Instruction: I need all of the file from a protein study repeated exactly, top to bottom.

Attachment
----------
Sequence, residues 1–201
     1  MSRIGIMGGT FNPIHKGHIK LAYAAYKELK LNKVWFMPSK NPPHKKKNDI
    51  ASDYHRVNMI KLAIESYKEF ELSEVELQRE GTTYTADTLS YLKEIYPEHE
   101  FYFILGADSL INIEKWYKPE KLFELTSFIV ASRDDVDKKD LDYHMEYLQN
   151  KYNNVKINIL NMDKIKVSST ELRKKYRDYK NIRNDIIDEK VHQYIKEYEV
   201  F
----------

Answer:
Sequence, residues 1–201
     1  MSRIGIMGGT FNPIHKGHIK LAYAAYKELK LNKVWFMPSK NPPHKKKNDI
    51  ASDYHRVNMI KLAIESYKEF ELSEVELQRE GTTYTADTLS YLKEIYPEHE
   101  FYFILGADSL INIEKWYKPE KLFELTSFIV ASRDDVDKKD LDYHMEYLQN
   151  KYNNVKINIL NMDKIKVSST ELRKKYRDYK NIRNDIIDEK VHQYIKEYEV
   201  F